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- Materials and Methods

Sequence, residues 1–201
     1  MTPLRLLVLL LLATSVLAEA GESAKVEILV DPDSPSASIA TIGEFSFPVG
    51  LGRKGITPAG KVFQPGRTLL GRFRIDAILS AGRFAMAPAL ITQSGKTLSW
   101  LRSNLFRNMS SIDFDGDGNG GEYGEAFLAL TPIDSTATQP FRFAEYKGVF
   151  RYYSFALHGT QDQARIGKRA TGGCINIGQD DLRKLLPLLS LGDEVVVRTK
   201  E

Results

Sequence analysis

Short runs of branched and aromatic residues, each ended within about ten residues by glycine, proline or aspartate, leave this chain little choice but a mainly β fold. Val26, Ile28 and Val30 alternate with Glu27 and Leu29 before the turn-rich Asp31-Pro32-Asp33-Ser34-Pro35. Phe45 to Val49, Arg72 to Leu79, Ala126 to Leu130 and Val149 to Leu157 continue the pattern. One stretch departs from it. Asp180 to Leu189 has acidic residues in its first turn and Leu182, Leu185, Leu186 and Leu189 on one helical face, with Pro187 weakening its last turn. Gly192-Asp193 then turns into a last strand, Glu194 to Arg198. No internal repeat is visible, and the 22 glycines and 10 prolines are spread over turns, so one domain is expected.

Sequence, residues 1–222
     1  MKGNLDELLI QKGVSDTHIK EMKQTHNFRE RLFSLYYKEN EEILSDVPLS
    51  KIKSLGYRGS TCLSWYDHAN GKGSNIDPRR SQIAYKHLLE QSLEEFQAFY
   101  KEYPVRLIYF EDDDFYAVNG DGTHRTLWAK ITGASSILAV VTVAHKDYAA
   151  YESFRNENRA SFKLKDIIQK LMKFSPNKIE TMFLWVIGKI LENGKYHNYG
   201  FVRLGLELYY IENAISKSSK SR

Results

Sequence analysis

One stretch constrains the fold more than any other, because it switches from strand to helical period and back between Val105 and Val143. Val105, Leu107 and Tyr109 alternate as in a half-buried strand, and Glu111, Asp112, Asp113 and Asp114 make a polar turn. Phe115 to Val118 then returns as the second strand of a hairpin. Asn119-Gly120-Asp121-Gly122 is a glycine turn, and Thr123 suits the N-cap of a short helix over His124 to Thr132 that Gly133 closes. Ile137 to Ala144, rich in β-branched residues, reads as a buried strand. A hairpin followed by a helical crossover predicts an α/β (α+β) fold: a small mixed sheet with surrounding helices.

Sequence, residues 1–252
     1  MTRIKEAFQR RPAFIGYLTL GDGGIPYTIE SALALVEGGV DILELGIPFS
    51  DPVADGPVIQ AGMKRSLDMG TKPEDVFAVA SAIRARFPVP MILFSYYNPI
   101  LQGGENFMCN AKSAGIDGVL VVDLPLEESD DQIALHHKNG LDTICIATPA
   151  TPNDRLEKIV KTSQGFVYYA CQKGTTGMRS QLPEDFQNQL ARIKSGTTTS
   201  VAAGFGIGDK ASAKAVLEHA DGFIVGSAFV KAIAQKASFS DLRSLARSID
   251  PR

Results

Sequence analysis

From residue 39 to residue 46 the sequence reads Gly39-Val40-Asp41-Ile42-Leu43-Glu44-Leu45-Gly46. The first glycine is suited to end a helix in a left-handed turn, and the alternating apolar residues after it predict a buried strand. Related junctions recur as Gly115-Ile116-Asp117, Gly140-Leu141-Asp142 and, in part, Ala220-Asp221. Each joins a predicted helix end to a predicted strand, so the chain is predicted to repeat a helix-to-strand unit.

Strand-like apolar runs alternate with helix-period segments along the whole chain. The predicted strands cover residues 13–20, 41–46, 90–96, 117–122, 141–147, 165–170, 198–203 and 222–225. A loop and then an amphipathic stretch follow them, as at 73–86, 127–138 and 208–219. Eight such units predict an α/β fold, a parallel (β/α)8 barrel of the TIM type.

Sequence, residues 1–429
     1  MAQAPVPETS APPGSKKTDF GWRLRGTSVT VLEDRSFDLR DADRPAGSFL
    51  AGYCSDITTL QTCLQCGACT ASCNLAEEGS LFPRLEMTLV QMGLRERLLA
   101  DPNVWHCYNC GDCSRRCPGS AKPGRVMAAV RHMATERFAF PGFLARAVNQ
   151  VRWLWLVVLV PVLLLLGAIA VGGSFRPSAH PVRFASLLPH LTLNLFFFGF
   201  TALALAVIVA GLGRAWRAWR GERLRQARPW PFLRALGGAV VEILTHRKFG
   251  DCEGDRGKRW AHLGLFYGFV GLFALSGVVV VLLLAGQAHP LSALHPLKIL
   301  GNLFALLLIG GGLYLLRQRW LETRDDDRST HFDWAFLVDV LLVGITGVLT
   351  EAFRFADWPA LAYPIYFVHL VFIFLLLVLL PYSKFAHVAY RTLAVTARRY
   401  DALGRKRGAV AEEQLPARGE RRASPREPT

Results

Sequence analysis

Sclerostin is the product of the SOST gene. Loss-of-function mutations in the SOST gene result in a high-bone-mass phenotype, demonstrating that sclerostin is a negative regulator of bone mass. Primarily expressed by osteocytes in bone, sclerostin is reported to bind the LRP5/6 receptor, thereby antagonizing canonical Wnt signaling and negatively regulating bone formation. We therefore investigated whether systemic administration of a sclerostin-neutralizing antibody would increase the regeneration of traumatized metaphyseal bone in rats. Young male rats had a screw inserted in the proximal tibia and were divided into six groups given 25 mg/kg of sclerostin antibody or control twice a week subcutaneously for 2 or 4 weeks. In four groups, the screws were tested for pull-out strength. At the time of euthanasia, a similar screw also was inserted in the contralateral tibia and pull-out tested immediately. Sclerostin antibody significantly increased the pull-out force by almost 50% compared with controls after 2 and 4 weeks. Also, the screws inserted at the time of euthanasia showed increased pull-out force. Micro–computed tomography (µCT) of the remaining two groups showed that the antibody led to a 30% increase in bone volume fraction in a region surrounding the screw. There also was a general increase in trabecular thickness in cancellous bone. Thus, as measured by the amount of bone and its mechanical resistance, the sclerostin antibody increased bone formation during metaphyseal repair but also in untraumatized bone. © 2010 American Society for Bone and Mineral Research.